After an intense and exciting week in Stockholm for World Water Week, it is time to look back at some conclusions of the conference and the way forward for next year. I was in Stockholm as a “Lead Rapporteur” and reported in the closing plenary session on “Cooperation to achieve equity by balancing competing demands”; other teams reported on “Managing waters across borders,” “Responding to Global Change,” and “Closing the science-policy-practice loop” (see closing plenary here). This is my attempt to summarize over 100 sessions, you can find all the sessions in the WWW website.
If a year ago you told me that I would be able to speak authoritatively on the technical aspects of sanitation, I would have thought you were crazy! Kenya is my home; I am 130% Kenyan and have lived here my whole life. In all this time, I never fully realized the sanitation issues in my country. True, I knew the statistics but until recently I didn’t fully realize how the impact was hitting my home.
It’s widely reported that most of the world’s population lives in urban areas. UN-Habitat estimates that 40% of urban dwellers live in slums, and that number is growing by more than 20 million people per year. Perhaps, less commonly reported is that while population is growing rapidly, urban sanitation coverage has only increased slightly.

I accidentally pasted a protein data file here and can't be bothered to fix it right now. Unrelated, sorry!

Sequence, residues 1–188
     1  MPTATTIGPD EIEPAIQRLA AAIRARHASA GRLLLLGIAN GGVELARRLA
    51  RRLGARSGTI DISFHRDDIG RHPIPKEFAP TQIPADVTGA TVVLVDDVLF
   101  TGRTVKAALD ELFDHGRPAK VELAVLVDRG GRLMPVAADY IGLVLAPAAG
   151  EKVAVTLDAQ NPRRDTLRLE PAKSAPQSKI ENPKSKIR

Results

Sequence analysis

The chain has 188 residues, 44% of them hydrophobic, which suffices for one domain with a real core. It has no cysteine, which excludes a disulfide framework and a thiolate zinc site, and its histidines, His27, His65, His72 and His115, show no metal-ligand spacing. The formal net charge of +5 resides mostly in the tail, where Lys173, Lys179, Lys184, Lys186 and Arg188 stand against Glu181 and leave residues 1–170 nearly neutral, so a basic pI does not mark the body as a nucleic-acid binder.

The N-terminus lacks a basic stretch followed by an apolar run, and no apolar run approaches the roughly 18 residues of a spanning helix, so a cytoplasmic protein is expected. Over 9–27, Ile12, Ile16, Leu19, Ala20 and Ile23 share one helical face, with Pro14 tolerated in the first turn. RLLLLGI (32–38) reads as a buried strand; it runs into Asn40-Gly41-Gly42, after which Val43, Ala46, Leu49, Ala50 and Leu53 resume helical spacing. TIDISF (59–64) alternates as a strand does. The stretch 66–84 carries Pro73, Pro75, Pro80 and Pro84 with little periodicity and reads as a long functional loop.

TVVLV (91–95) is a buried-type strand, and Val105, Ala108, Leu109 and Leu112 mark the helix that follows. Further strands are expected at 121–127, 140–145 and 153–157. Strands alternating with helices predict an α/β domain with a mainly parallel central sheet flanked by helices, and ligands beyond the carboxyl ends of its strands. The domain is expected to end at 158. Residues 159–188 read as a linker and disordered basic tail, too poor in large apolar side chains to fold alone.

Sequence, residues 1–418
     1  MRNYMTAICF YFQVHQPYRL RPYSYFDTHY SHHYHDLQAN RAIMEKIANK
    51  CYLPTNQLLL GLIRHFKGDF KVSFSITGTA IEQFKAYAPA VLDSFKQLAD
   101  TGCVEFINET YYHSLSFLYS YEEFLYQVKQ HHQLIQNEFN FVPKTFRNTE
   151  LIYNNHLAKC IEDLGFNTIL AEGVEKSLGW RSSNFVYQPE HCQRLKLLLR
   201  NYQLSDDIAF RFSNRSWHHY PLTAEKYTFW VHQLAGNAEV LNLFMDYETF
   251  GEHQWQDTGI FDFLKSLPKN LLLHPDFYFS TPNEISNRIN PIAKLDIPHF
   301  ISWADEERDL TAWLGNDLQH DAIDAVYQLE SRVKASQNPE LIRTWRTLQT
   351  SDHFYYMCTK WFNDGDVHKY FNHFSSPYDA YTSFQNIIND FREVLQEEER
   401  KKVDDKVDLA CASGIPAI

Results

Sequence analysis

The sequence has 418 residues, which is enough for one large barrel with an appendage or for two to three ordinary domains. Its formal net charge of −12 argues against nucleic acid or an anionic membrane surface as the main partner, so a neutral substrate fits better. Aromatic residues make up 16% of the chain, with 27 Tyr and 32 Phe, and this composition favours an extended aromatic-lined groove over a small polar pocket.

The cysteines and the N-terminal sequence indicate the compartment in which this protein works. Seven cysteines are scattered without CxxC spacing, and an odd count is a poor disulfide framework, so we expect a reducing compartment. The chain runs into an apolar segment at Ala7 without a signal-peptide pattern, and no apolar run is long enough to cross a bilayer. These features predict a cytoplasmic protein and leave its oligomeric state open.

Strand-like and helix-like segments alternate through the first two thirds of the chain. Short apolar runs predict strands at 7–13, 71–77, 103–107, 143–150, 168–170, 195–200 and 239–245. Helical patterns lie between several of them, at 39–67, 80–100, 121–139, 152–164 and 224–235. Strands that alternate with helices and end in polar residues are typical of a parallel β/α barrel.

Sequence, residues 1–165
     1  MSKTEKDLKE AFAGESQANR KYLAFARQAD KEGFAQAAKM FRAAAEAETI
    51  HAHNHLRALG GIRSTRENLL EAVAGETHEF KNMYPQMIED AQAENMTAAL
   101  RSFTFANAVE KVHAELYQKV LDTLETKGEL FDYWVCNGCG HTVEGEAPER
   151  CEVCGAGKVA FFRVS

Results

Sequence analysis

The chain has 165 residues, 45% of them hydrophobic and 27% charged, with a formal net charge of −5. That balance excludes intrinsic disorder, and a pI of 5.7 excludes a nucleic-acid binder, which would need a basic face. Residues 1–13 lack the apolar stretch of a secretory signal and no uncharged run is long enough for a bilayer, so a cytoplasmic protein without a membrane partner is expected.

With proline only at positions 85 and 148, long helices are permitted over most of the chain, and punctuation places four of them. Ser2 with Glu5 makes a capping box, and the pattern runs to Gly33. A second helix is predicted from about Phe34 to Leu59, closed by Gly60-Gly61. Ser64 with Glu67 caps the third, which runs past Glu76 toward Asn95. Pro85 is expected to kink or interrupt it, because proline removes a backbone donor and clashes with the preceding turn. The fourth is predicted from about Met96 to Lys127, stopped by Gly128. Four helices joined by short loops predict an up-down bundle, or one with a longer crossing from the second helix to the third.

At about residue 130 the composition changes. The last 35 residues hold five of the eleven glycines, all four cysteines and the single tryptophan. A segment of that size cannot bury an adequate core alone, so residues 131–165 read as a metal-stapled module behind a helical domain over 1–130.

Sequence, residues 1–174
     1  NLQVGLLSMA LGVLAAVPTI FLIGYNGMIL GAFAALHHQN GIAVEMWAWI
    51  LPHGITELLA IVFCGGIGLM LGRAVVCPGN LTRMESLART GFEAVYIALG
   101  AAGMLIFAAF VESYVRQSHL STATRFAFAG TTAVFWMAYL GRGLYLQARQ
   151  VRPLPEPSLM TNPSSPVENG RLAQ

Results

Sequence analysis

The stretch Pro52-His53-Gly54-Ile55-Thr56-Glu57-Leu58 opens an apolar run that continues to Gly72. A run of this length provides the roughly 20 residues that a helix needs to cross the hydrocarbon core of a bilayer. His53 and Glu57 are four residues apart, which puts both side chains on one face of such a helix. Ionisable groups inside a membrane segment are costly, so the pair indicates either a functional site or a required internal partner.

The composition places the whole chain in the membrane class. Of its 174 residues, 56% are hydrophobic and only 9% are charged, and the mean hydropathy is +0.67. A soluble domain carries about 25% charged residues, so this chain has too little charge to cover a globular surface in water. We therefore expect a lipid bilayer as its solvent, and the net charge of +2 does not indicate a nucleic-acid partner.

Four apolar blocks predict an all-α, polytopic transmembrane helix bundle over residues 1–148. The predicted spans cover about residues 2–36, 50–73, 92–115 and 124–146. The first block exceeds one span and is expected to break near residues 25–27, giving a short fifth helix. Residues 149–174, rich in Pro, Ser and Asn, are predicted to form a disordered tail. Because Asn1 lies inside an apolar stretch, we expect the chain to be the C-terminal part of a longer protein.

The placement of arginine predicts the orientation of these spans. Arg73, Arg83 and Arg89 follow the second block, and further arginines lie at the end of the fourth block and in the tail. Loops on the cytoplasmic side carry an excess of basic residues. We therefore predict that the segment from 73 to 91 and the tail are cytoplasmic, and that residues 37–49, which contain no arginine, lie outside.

While toilet access is generally higher in urban areas as compared to rural, sanitary conditions in urban areas are aggravated by high-density living, inadequate septage and solid waste management, and poor drainage. Recent analysis by WSP concludes that to make any significant impact it is essential to adopt a multi-dimensional approach to this complex problem. Here are five reasons why urban sanitation is about more than building a toilet.
A recent study by the Water and Sanitation Program (WSP) and International Finance Corporation (IFC) of the World Bank surveyed over 100 firms providing on-site sanitation services to the base of the pyramid in four countries (Bangladesh, Indonesia, Peru and Tanzania) and debunked widely held beliefs on the motivations and potential of firms in the growing sanitation market.
Can the methodology that re-imagined urban water management adapt itself to meet new challenges?
Did you know that, when you go shopping, you are acting as a Budget-Constrained Utility Maximizer? Or, in common parlance, you are trying to maximize your happiness, welfare or living standard with the cash you have in your pocket.
Next week as thousands of practitioners gather at annual World Water Week in Sweden the focus is on cooperation, echoing the UN’s declaration of 2013 as the International Year of Water Cooperation.
The growing gap between safe freshwater supply and water demand is forcing the world to tackle the issue from a new and more collaborative perspective. It calls for cooperation between the government to provide appropriate policies and regulations, the private sector to provide innovation and technology, and civil society to provide inputs from the users.
Is there a model to track citizen experience of water services and present it in a ready-to-use manner for decision makers and the public? Would better articulation of citizen preferences encourage more meaningful engagement with service providers?